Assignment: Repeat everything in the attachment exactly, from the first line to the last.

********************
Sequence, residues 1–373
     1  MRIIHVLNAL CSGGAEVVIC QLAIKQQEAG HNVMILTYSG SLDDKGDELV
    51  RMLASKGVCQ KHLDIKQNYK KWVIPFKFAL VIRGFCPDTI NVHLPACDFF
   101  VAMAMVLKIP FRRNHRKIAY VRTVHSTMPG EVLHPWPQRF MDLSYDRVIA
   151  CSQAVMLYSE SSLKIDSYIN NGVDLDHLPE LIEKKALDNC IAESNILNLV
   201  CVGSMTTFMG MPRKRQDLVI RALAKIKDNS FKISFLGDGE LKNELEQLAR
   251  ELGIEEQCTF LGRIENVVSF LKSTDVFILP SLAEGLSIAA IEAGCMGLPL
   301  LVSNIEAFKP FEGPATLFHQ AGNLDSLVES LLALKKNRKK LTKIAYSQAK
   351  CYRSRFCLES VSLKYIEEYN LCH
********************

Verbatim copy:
Sequence, residues 1–373
     1  MRIIHVLNAL CSGGAEVVIC QLAIKQQEAG HNVMILTYSG SLDDKGDELV
    51  RMLASKGVCQ KHLDIKQNYK KWVIPFKFAL VIRGFCPDTI NVHLPACDFF
   101  VAMAMVLKIP FRRNHRKIAY VRTVHSTMPG EVLHPWPQRF MDLSYDRVIA
   151  CSQAVMLYSE SSLKIDSYIN NGVDLDHLPE LIEKKALDNC IAESNILNLV
   201  CVGSMTTFMG MPRKRQDLVI RALAKIKDNS FKISFLGDGE LKNELEQLAR
   251  ELGIEEQCTF LGRIENVVSF LKSTDVFILP SLAEGLSIAA IEAGCMGLPL
   301  LVSNIEAFKP FEGPATLFHQ AGNLDSLVES LLALKKNRKK LTKIAYSQAK
   351  CYRSRFCLES VSLKYIEEYN LCH